Study Shark Eaten: Radio-telemetry and satellite technology have revealed some extraordinary aspects of animal ecology, informing us of wildlife behavior and movements. Often, researchers are able to learn about common predators too...many of the snakes I've radio-tracked were eaten by hawks, for example. Shark researchers in South Africa recently had a similar revelation, when a tagged White Shark was found to have been killed and eaten by people in nearby Mozambique. The organization sponsoring this research, OCEARCH, does fascinating work on large sea creatures. Check out their site to keep track of a number of sharks that are still swimming around.
Speaking of Study Animals Being Captured: From our neck of the woods, a catfish angler landed some huge bycatch in the Tallapoosa River in Alabama, an 83 lb (38 kg) Alligator Snapping Turtle. Turns out that this turtle had been captured and tagged eight years earlier by amateur body-builder and freelance beard model Jim Godwin when he was studying the species for the Alabama Natural Heritage Program. Instead of becoming soup (the species is protected), the turtle was released back into the river. Although the article mentions that the Alligator Snapping Turtle is the largest species of freshwater turtle, that's only true in North America...there are softshell turtles in Asia that likely take the crown as the world's biggest.
Octopus Killed in Washington Sparks Outrage: A diver legally killed a Giant Pacific Octopus in a popular diving spot. These huge animals (at reaching over 150 lbs <70 kg="kg">, they are the largest species of octopus) are intelligent and beautiful, at least to divers frequent the area (check out 70>this picture if you don't believe me), and the event created a lot of controversy. This editorial emphasizes some of the positive outcomes and lessons learned: the diver that killed the animal is now advocating for regulations forbidding future killings of octopus at the site.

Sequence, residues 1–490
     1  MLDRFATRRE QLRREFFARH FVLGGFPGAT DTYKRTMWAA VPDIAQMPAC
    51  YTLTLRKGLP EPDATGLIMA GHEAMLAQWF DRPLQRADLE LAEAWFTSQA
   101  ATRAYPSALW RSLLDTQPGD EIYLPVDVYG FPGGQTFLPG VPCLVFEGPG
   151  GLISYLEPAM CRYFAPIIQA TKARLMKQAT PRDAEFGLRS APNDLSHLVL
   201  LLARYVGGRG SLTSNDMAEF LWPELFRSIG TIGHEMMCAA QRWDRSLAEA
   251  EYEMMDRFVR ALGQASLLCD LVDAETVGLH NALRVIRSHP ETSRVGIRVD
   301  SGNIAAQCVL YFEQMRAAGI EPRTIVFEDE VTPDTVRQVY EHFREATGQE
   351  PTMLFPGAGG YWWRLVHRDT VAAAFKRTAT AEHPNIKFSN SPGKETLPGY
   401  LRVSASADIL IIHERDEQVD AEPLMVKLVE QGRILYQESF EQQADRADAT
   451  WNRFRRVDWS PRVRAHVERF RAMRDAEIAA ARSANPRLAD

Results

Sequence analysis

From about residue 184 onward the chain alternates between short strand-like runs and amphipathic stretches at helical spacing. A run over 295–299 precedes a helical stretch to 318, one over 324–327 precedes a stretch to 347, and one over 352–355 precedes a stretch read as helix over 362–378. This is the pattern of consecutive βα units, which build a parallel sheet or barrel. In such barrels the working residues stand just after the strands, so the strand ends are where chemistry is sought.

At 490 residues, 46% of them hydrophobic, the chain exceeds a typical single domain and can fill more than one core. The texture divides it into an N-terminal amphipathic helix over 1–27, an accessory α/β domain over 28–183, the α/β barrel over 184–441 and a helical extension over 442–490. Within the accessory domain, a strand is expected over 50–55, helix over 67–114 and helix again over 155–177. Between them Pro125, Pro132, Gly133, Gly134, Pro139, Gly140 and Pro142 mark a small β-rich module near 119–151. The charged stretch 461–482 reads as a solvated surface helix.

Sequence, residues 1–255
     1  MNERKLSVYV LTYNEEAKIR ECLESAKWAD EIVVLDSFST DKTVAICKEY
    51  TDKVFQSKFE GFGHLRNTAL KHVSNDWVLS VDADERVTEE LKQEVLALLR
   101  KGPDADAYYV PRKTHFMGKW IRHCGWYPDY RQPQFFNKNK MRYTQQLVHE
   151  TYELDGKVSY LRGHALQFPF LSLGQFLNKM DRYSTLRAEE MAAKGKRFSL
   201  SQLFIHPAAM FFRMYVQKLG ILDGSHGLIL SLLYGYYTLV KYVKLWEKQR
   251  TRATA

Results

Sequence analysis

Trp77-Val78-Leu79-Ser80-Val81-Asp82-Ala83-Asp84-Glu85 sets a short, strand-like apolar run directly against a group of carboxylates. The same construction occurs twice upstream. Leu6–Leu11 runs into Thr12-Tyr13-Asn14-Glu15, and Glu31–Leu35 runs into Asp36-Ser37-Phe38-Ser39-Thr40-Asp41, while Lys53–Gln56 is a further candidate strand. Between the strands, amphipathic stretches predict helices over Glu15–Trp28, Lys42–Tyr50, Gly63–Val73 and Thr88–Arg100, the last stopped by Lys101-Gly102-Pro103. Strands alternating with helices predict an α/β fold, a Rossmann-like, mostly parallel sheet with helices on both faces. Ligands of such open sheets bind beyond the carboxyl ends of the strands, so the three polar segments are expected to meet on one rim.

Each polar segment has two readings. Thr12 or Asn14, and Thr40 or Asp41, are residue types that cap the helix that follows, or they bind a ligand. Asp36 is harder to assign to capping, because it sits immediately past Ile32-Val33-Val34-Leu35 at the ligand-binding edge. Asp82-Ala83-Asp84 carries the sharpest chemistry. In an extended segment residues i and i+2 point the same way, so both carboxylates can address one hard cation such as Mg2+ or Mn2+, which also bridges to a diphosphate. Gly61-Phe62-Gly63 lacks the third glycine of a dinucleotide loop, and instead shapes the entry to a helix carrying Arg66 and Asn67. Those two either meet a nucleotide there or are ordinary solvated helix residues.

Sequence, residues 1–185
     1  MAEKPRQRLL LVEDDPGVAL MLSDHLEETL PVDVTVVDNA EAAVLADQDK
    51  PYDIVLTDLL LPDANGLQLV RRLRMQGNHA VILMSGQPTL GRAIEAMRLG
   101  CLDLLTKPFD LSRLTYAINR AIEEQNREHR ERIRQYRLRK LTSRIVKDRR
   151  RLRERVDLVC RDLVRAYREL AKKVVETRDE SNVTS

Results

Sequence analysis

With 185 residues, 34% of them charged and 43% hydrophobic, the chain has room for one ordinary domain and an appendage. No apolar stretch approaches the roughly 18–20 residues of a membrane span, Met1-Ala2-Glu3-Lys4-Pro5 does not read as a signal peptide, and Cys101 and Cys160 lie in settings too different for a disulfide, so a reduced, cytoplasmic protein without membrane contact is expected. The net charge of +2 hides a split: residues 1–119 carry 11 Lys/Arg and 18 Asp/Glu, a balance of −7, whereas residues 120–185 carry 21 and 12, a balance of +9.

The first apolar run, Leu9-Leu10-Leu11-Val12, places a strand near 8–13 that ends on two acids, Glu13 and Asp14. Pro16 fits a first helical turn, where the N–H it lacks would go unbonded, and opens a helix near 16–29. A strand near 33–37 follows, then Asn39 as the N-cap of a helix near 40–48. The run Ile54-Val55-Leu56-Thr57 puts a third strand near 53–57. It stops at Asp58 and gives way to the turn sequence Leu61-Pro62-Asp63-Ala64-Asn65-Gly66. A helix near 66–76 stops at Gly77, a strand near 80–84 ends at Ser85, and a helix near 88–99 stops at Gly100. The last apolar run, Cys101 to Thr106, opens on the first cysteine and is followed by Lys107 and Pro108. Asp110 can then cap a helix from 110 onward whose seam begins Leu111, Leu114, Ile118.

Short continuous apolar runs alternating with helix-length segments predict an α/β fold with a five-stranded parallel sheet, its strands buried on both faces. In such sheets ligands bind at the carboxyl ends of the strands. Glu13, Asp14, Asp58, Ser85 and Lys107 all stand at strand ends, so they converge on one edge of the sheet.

The Rarer Your Species Becomes, the More You're Worth: A summary from NPR about the economics of rare species. As collecting and poaching get out of control, the desired species becomes rarer and rarer. Because these species become rarer to find, the cost for that species increases. That only increases the incentive to capture the few remaining individuals.
Dirk Stevenson, the Barbara Walters of Herpetology: Dirk Stevenson, who once helped me not find Indigo Snakes in Florida, spends a day in the field with herpetologist and professor Carlos Camp and relates the experience on his blog, The Naturalist.
Rarely Observed Animal Washes Up On New Zealand Shore: There is still so much we don't know about the natural world. A couple years ago, two animals washed up on a New Zealand beach and this event represented the first time scientists were able to see their species (they had only been known from three partial skulls). They were whales.
Crocodile Skin is Sensitive Too: Most people probably don't think of the rough and scaly skin of a crocodile as being sensitive, but perhaps they should. On Croc Blog, Adam Britton summarizes a recent study suggesting crocodile skin is more sensitive than our fingertips.
Artificial Rivers in Zoos May Lead to More Hellbenders in Missouri: A story about some recent successes breeding Hellbenders for eventual release in the wild.
Ever Wonder Why You've Never Seen a Snake Eat Fruit? Wonder no more, thanks to Andrew Durso at Life is Short, but Snakes are Long.
Don't Do This: Competitive eating is one thing, competitive eating of insects and worms is another. A participant dies after competing in (and winning) a contest to win a pet snake. I do, however, recommend eating grasshoppers in moderation.